Of course in peace time you could make the argument that it takes 800 Million rounds to kill no enemy whatsoever using the same logic as “it takes a quarter million rounds to kill one enemy” and all that would do is expose the lack of rigor in the thought process.

  8. “If training was included, it would probably be very easy to imagine 1,000-10,000 rounds is expended by the sniper per kill, even if you’re only considering rounds used for training in-theater (as opposed to including training conducted CONUS)”

    No. No sniper would wear out his rifle shooting this much in training.

    One of the VN stories I heard about was the platoon that would come back to base with virtually no rifle ammo left, except for one soldier who always had quite a bit on him. Base personnel decide to charge him with dereliction of duty, cowardice, etc. Cooler heads sent someone along on their next patrol to verify his actions. The observer returned and made applications for awards of valor for that soldier. Turns out he was pretty much the sole agent of the platoon’s body count of the enemy. He only fired when he had a target, and didn’t seem to miss when he shot. He maneuvered for best angles on the enemy to enhance his effectiveness, and only fired in semi-auto. The rest of the soldiers mostly sprayed the scenery, not really targeting individuals.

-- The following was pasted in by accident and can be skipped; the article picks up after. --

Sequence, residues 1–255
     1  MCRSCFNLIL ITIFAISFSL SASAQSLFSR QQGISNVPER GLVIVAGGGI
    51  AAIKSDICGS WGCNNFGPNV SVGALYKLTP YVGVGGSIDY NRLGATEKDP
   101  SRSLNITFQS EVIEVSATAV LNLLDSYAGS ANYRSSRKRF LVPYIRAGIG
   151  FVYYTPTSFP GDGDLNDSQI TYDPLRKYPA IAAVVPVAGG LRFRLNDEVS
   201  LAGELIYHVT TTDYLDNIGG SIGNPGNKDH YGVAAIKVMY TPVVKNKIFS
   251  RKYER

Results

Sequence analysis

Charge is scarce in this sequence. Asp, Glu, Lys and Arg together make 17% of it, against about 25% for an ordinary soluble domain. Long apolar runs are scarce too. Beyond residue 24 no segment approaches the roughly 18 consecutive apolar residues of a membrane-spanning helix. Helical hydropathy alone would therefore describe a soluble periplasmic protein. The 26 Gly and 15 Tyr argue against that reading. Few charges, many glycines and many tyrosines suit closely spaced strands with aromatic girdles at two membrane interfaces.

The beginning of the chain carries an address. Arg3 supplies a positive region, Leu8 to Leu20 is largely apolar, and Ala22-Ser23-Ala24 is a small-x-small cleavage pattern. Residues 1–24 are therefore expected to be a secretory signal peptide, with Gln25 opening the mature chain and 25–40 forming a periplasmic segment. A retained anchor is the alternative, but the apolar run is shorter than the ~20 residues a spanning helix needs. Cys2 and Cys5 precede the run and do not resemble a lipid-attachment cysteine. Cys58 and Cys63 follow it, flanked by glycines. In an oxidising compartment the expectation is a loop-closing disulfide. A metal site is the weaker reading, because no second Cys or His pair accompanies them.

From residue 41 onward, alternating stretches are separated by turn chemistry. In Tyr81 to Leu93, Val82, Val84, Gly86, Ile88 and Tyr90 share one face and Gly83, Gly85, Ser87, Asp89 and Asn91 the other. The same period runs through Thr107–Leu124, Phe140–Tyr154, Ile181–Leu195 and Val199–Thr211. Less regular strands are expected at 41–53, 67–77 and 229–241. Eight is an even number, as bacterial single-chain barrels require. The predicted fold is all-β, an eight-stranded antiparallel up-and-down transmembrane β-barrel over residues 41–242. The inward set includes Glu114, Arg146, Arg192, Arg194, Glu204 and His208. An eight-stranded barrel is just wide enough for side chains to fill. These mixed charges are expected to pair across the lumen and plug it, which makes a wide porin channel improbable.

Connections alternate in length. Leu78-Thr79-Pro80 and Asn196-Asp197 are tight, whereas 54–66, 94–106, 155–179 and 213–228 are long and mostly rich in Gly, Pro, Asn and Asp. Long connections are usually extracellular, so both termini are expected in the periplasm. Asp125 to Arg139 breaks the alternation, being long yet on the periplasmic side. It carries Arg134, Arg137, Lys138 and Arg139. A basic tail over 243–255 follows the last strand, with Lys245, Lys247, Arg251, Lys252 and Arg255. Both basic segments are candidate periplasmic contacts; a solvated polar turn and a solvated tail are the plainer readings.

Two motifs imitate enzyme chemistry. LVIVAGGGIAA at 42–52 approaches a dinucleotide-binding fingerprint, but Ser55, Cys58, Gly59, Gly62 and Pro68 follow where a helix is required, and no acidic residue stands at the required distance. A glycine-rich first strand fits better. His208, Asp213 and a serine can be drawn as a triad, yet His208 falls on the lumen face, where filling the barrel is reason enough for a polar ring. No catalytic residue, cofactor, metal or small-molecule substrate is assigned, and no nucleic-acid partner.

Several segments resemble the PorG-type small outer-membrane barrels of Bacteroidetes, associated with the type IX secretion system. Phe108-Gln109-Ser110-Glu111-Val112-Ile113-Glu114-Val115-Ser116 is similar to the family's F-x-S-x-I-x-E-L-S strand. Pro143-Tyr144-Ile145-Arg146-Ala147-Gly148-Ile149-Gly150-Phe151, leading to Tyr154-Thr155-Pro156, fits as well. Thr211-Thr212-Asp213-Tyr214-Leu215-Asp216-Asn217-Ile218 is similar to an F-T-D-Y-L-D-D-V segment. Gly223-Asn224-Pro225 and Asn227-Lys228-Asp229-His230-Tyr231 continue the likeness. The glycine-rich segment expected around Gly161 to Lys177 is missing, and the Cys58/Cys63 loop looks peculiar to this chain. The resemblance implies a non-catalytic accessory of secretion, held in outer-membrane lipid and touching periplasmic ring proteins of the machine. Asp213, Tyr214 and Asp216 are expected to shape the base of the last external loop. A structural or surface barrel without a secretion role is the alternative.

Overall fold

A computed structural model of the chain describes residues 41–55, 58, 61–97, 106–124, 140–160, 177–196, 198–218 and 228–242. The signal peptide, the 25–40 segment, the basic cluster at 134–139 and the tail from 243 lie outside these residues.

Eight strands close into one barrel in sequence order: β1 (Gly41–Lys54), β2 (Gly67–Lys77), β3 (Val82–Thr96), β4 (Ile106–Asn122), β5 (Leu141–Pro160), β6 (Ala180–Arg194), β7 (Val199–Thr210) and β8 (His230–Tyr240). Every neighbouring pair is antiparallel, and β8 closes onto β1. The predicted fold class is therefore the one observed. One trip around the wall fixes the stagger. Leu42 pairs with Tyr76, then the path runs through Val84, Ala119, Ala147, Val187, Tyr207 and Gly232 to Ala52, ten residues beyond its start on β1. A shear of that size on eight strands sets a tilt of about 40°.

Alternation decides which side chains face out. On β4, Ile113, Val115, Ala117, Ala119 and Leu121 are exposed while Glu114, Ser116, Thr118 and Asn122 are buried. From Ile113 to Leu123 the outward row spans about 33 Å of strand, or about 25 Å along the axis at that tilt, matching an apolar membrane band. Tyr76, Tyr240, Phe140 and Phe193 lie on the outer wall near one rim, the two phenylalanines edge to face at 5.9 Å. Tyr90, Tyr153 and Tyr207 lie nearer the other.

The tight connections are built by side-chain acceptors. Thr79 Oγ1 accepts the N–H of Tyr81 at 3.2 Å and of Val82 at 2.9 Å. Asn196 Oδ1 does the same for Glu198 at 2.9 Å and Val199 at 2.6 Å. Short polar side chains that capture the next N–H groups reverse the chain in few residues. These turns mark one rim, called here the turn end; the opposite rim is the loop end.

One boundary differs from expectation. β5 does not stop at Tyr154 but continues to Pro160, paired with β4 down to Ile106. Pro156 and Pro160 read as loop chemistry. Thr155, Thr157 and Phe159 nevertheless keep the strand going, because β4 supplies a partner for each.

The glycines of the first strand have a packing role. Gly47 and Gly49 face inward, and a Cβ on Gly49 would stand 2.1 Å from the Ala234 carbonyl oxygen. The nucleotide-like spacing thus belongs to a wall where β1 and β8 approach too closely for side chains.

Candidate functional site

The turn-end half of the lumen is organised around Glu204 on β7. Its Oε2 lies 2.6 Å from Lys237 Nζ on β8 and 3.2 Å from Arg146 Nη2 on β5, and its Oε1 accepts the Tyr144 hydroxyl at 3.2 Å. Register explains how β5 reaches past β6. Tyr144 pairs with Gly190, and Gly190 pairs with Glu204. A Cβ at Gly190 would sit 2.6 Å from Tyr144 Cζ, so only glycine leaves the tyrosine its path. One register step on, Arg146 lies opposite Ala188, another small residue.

• I’m not going to get into a pissing match with you on Joe’s blog, but suffice to say you are incorrect. It’s a perishable skill, they shoot and shoot and shoot, and I think you may be under the impression that guns/barrels don’t last that long. For example, Marine M40A5’s have a MINIMUM barrel life of 10k rounds, they typically last much longer and when they are shot out, those fine 2112 Marines will re-barrel and re-issue the rifle. Some of the rifle receivers date back to the M40A1 days and it’s possible there are M40 receiver floating around from 1966. They’ve probably been re-barreled 5-10 times, new stocks, new bases, new trigger. They wear them out over and over again. And they also add new inventory, that they also wear out. Snipers do want to shoot, and any sniper who expressly shoots less (as if they could get away with that) isn’t shooting enough.

  9. It would be interesting to know how many rounds per kill in actual engagements, both total and broken down by machine gun vs rifle.
    Obviously snipers may be more efficient but the army and marines seem to think they need regular shooters and mg’ers as well. Clearing buildings for instance.

  10. Take a look at the ammo procurements for Homeland Security, which presumably engages only a handful of opponents in an given year.